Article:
Barack Obama's Speech

No, not that one. Not that one either. The one that he gave in Kenya this week. It's drawn remarkable praise from the Wall Street Journal and Commentary magazine.

At first, he tells a touching anecdote that persuades me that he really does feel a tie to Kenya in a way that he never did anywhere else.
I was a young man and I was just a few years out of University. I had worked as a community organizer in low-income neighborhoods in Chicago. I was about to go to law school. And when I came here, in many ways I was a Westerner, I was an American, unfamiliar with my father and his birthplace, really disconnected from half of my heritage. And at that airport, as I was trying to find my luggage, there was a woman there who worked for the airlines, and she was helping fill out the forms, and she saw my name and she looked up and she asked if I was related to my father, who she had known. And that was the first time that my name meant something. (Applause.)
So he is speaking to a people who are recognizably his people in a deep and special way. He talks about his family. He talks about the indignities the British heaped on him, such as referring to him as a "boy" when he was a grown man and a military veteran of the British King's African Rifles. He talks about how hard it was for his father to get admitted to any university, finally succeeding in Hawaii. He does not mention his own story, because of course they know it. He wants to use the shared history of suffering to make a point that aligns what he wants to say about Kenya with what he wants to say about his own life. And that is this:
For too long, I think that many looked to the outside for salvation and focused on somebody else being at fault for the problems of the continent. And as my sister said, ultimately we are each responsible for our own destiny.
There's a lot to like in the address. Emphasis on the importance of the rule of law if Kenya is to succeed:
Here in Kenya, it's time to change habits, and decisively break that cycle. Because corruption holds back every aspect of economic and civil life. It’s an anchor that weighs you down and prevents you from achieving what you could. If you need to pay a bribe and hire somebody’s brother -- who’s not very good and doesn’t come to work -- in order to start a business, well, that’s going to create less jobs for everybody. If electricity is going to one neighborhood because they’re well-connected, and not another neighborhood, that’s going to limit development of the country as a whole. (Applause.) If someone in public office is taking a cut that they don't deserve, that’s taking away from those who are paying their fair share.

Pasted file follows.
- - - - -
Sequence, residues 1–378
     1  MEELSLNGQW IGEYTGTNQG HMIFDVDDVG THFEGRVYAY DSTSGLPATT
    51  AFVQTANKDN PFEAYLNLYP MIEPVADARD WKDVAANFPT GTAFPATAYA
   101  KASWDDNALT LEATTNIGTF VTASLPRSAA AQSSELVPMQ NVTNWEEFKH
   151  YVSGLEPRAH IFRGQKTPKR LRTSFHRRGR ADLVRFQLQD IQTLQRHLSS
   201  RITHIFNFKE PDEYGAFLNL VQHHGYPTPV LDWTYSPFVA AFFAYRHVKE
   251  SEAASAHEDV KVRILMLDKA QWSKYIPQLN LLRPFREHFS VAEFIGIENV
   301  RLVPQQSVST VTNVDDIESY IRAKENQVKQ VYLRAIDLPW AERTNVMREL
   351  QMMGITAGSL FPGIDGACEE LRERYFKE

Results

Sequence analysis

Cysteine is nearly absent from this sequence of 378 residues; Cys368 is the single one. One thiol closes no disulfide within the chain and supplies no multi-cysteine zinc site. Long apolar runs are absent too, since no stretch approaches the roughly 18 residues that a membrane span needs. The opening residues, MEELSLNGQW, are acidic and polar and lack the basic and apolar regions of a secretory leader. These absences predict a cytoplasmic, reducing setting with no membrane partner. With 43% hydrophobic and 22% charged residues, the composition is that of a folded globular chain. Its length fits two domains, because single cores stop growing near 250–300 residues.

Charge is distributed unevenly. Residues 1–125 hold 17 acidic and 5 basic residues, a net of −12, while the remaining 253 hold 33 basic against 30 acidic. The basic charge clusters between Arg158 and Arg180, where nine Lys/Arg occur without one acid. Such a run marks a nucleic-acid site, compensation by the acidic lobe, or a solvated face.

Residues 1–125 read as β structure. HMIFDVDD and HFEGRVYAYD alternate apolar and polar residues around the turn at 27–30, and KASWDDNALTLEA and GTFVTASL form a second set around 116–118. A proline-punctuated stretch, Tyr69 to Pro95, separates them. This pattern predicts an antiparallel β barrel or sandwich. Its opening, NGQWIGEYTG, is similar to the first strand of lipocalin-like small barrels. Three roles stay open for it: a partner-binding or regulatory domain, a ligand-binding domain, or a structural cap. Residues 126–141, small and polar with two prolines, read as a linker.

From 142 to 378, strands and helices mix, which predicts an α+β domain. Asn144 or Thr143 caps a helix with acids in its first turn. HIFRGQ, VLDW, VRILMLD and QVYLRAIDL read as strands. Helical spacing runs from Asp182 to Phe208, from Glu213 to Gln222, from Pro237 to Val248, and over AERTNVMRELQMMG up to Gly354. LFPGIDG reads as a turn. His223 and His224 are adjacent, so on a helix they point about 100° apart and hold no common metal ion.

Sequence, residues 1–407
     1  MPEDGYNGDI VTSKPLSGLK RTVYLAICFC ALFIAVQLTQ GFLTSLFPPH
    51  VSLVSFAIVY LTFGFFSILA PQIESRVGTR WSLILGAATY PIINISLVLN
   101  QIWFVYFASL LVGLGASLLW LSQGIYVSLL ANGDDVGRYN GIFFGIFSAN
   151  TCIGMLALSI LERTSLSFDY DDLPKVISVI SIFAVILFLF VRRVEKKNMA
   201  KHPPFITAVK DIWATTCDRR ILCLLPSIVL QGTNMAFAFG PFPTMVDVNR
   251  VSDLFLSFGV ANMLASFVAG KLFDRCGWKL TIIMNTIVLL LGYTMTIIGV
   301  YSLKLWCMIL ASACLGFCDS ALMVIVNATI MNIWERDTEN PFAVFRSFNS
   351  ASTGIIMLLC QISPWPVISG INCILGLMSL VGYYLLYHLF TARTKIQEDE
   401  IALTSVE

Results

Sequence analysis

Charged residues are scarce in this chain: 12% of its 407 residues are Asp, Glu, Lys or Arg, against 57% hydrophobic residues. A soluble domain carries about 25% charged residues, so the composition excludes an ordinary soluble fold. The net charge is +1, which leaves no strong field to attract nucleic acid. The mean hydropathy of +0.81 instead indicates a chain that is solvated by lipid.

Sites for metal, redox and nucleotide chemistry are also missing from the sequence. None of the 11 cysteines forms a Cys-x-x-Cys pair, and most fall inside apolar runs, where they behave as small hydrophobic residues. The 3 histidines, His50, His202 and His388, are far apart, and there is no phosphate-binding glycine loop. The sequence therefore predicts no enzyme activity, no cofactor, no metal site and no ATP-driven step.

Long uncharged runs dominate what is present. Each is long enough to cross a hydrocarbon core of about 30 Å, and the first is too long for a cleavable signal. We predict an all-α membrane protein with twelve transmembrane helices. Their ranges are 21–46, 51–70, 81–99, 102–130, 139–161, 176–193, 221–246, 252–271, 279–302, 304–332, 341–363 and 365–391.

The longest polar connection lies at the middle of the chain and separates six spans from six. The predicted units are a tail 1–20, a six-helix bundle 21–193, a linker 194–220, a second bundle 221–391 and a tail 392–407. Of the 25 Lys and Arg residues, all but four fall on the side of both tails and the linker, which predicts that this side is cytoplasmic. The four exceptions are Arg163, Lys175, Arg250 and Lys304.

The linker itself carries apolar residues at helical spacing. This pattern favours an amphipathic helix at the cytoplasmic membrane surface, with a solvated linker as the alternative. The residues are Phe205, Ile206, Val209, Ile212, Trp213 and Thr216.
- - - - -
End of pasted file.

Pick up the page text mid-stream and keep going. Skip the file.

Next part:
So this is not just about changing one law -- although it's important to have laws on the books that are actually being enforced. It’s important that not only low-level corruption is punished, but folks at the top, if they are taking from the people, that has to be addressed as well. (Applause.) But it's not something that is just fixed by laws, or that any one person can fix. It requires a commitment by the entire nation -- leaders and citizens -- to change habits and to change culture. (Applause.)

Tough laws need to be on the books. And the good news is, your government is taking some important steps in the right direction. People who break the law and violate the public trust need to be prosecuted.
Emphasis added.

It sounds like a good plan, Mr. President. I'm all in favor of enforcing the rule of law on the powerful. The folks at the top need to be held responsible when they betray the public trust. You've still got a year or so to get started on it.


MikeD said...

You've still got a year or so to get started on it.

I strongly urge you not to hold your breath waiting for this, Grim.

E Hines said...

Well, he is a better speech writer than his speech writers. Further, given the level of integrity he's shown so far these past six and more years, there's no reason to believe this one is any different.

It's one of his better sounding speeches, certainly, but it's still empty rhetoric.

Eric Hines

Grim said...

Maybe not. Maybe this is the advice he'd give you if he really loved you.

E Hines said...

Maybe he would. It's still wholly unbelievable.

Eric Hines

Grim said...

Well, OK. I'm willing to give the guy just this much credit: I think he might be speaking the truth as he sees it from his heart here. He just doesn't do it "at home," for whatever reason. Maybe because it's not where he really feels at home.

Assistant Village Idiot said...

Coded message about the ruling Kenyattas, the rivals (mutually violent) of the Obamas for decades. Africans picked up this subtext, Americans couldn't.

The trip's main purpose was to insult Kenyatta and lord it over him.

E Hines said...

Well, OK. I'm willing to give the guy just this much credit: I think he might be speaking the truth as he sees it from his heart here.

He's an habitual liar here. Maybe it's an accurate statement, maybe it's another lie. How is it possible to recognize, in any statement he makes in any location or on any subject, the difference between his truth and his lie? That's the problem with being a liar. Having lied, the distinction isn't possible without independent corroboration. What he does is all that's observable.

Obama isn't worth that much trouble.

Eric Hines

Grim said...

Africans picked up this subtext, Americans couldn't.

I certainly couldn't. Tell me more about this, please.

Ymar Sakar said...

The person at the top above Hussein is called Bush II, don't forget that he's still in power.